It feels slightly sadistic to clamor for Moss in roles such as these (her characters have been through the wringer in past works like The Handmaid’s Tale and Her Smell), but her skill in the art of growth-by-trauma is unmatched. For those who worry that Moss oscillates from terror to despair and back again (which itself is a daunting task to complete believably, speaking as someone who watches horror films for a living), she delivers a fair amount of deadpan humor, even in dread-filled moments. Tonally, it’s balanced; Whannell retains some of the ironic laughs of James Whale’s 1933 adaptation, while turning the possessive hubris of David Cronenberg’s The Fly up to 11.
Supportive roles could be argued as underwritten, but it wouldn’t hold much water. Jackson-Cohen, though largely invisible throughout, is quietly (and sometimes violently) threatening enough to maintain an air of menace when he can’t be seen — which is the whole point and provides the narrative pressure. James and Syndey Lanier are given one solid scene to establish their tight familial bond, but that’s all they need, due to rich dialogue and natural chemistry from Aldis Hodge and Storm Reid. It takes mere moments to make the audience care for them as they would the Freelings of Poltergeist or the Warrens of The Conjuring. The gold star for support work goes to Michael Dorman as Adrian’s brother Tom, who shape-shifts between sleazy and sympathetic until he goes full-bore into one of the former traits.
Whannell’s prowess with a camera cannot be overstated. Off-center framing and a deft utilization of negative space encourages the viewer to search the peripheral of every frame for a sign of something uncanny. In effect, for most of The Invisible Man, the viewer may likely feel as paranoid as Cecilia (sometimes more so). The Upgrade director’s lens peers around corners, panning back and forth like a hawk-eyed head on a swivel, sometimes crawling along at floor-level to observe Cecilia as sneakily as possible. Building tension with a near-empty frame and a small handful of locations is no easy task, but Whannell succeeds and walks that tightrope for two straight hours.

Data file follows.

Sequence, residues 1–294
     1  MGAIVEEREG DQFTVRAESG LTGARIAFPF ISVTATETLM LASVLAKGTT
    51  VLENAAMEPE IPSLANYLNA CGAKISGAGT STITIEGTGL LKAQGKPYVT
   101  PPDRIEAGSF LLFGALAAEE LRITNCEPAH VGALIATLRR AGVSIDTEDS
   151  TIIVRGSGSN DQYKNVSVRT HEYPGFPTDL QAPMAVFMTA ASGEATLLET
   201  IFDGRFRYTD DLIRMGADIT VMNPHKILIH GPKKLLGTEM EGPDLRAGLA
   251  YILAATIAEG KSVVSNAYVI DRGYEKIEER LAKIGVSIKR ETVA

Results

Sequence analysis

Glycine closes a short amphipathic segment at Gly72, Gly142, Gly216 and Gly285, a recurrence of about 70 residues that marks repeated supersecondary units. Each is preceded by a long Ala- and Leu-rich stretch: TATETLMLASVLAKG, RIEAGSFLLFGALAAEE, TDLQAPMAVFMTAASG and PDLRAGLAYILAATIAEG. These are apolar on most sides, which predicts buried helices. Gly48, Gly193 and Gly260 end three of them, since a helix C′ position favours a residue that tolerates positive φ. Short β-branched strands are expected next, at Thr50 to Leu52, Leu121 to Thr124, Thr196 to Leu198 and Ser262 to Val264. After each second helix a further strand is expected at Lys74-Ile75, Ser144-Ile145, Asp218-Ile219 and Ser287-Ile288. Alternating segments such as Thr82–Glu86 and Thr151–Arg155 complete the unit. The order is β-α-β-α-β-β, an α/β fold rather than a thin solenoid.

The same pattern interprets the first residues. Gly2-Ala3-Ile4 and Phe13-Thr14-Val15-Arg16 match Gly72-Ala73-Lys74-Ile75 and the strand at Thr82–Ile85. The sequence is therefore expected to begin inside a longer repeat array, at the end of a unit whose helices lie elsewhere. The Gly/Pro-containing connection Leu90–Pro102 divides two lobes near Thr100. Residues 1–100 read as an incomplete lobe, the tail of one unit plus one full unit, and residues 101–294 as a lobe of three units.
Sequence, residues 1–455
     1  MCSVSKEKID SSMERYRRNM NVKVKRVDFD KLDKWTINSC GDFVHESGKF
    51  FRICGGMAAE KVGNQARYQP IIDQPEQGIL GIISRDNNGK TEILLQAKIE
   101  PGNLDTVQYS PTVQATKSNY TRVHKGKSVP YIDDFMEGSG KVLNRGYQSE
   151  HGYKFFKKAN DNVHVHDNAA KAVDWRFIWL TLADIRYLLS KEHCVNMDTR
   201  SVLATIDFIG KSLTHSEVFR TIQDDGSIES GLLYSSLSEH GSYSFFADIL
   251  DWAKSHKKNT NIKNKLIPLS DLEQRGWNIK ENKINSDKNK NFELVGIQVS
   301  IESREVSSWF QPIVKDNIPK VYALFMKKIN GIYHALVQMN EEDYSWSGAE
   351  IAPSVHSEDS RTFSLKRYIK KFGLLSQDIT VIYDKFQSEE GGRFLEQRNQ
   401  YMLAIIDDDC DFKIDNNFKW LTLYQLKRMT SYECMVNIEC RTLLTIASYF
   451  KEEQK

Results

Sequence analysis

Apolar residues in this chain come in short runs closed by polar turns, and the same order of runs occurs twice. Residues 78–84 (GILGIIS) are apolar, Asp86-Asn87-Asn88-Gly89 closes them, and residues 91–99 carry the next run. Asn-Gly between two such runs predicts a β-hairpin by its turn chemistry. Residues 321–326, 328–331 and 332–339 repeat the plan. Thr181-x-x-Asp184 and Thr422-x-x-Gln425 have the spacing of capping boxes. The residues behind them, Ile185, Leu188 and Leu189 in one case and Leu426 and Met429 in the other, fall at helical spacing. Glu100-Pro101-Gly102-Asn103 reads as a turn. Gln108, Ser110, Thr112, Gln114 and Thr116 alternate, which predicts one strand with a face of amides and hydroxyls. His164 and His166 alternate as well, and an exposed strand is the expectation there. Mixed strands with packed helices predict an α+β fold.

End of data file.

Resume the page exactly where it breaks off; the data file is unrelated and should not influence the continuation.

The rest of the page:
My initial reaction to The Invisible Man’s third act was that it was too abrupt with little buildup, thus undermining the emotional payoff that was supposed to accompany its climax. But after chewing further on the pacing and rhythm, it’s clear that Whannell is nothing if not consistent. Several of the moments that got the biggest audience reaction in my screening were ones that seemingly came out of nowhere in a relatively low-tension scene. Without spoiling what happens, it’s safe to say that this peak moment still delivers a catharsis of sorts and stays true to the characters involved. The last minute or so of the movie contains one of the most satisfying final shots to come from a Blumhouse offering.
The Invisible Man relies less on the spectacle of optical effects and more on a compelling story. It doesn’t go the hard sci-fi route of warning against technological advances, opting instead to monstrously underline that the predator’s greatest weapon in his toolkit is unchecked power. Power can lie in brute strength, sure enough, but also lies in the disbelief of every skeptical face a victim meets as she volleys a long-shot towards justice. Whannell’s The Invisible Man is an absolute banger, and stands tall as the most spectacular evolution of the story to hit the big screen.
Anya Stanley (@BookishPlinko) is a horror-centric columnist and film critic. Her work can be seen in Fangoria Magazine, Rue Morgue, Dread Central and Birth.Movies.Death as well as her website anyawrites.com.